In a week of great horse shows in America, the most accomplished performers of them all. the white Lipizzans, came back to Vienna after 10 long years in exile. Amid the colonnaded, baroque splendors of the Spanish Riding School, built for the horses' ancestors in 1735, the royal whites pranced through their statuesque dances before a glittering assemblage of invited notables, many of whom were moved to tears. Proud vestiges of a glorious past, who were saved in 1945 when General George Patton intervened to keep them out of the path of air raids and the advancing Russians, the Lipizzans were appearing in the ancient riding hall for the first time since the war.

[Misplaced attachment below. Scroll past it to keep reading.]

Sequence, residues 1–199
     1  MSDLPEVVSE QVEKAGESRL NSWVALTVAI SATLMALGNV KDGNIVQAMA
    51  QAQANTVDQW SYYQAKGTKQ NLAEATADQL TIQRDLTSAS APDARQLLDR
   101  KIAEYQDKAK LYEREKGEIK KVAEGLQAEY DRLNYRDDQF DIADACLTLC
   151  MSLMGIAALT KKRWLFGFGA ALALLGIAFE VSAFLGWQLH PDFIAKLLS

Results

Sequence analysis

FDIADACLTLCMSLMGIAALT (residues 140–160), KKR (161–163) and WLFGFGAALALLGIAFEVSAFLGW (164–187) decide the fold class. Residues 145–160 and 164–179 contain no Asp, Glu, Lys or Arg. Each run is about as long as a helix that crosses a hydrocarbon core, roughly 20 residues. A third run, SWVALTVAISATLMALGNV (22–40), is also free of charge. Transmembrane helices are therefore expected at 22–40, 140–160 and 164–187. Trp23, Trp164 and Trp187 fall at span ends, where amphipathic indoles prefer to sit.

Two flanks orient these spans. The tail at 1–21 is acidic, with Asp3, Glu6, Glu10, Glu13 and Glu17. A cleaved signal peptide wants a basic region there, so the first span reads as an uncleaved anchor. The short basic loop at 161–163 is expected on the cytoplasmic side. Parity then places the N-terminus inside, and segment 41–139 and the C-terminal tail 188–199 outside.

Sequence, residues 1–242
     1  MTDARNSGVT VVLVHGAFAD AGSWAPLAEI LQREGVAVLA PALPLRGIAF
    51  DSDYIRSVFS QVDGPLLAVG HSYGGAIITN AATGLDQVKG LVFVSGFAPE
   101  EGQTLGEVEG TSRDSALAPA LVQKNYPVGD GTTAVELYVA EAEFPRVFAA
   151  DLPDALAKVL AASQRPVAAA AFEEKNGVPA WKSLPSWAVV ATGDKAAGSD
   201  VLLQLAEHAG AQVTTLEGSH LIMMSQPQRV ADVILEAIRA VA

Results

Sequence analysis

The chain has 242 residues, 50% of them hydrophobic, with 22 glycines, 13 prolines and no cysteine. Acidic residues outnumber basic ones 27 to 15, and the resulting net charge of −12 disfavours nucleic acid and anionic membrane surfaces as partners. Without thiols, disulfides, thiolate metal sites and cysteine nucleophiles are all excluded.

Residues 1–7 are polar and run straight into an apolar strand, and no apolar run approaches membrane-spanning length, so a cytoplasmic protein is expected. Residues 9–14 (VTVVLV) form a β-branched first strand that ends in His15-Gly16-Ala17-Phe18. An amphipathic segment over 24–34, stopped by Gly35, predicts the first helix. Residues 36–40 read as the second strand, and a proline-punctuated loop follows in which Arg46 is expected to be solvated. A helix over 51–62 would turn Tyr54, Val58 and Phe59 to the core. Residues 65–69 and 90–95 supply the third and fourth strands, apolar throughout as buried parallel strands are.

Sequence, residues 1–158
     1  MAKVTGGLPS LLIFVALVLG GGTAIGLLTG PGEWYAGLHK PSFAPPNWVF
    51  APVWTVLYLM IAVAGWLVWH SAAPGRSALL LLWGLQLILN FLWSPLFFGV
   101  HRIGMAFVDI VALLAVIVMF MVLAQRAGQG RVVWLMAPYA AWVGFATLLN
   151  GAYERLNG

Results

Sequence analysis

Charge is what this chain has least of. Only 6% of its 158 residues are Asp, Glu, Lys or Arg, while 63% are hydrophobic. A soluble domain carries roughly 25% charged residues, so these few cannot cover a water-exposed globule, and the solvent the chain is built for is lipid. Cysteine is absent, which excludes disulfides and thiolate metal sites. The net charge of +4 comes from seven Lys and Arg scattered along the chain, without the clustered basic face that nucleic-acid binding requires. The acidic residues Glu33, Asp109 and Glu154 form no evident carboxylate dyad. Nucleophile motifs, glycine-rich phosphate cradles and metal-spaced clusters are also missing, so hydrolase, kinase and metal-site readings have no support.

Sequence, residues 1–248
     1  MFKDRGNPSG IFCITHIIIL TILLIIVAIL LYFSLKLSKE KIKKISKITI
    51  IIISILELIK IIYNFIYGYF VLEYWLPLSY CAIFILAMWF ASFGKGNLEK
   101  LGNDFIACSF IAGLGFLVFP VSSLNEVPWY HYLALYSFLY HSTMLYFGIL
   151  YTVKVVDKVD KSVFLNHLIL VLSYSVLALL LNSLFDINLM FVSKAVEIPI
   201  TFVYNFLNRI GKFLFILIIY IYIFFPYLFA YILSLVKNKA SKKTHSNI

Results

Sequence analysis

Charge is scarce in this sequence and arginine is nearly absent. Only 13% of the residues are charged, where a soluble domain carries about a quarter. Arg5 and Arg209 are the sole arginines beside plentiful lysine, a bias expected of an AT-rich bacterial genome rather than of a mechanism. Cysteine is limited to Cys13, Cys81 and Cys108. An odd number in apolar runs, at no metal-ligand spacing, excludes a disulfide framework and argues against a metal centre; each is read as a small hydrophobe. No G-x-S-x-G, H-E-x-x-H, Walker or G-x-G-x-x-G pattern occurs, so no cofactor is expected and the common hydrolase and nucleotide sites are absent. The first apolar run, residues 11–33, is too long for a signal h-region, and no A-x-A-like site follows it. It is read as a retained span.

To the relief of the sentimental Viennese, few of the chivalric traditions were missing. The world's foremost exponents of High School dressage still posed in the classic levade (front feet up, body at a 45� angle), still mastered with seeming ease the difficult courbette (a series of forward jumps on the hind legs only) and their famous capriole (right). Their gold trappings gleaming in the soft light of chandeliers, the Lipizzans responded with military precision to commands transmitted by stonelike riders with an imperceptible shift in weight, the lightest pressure of knees. The riders' uniforms—two-cornered hats, knee-tall boots, tight white breeches and long brown tail coats—were exact replicas of early 18th century originals commissioned by the Hapsburgs. The effect was that of ballet in the grand manner. For the finale, the "Great School Quadrille" circled the hall to nostalgic strains of old Viennese music and the applause of an appreciative, welcome-home audience.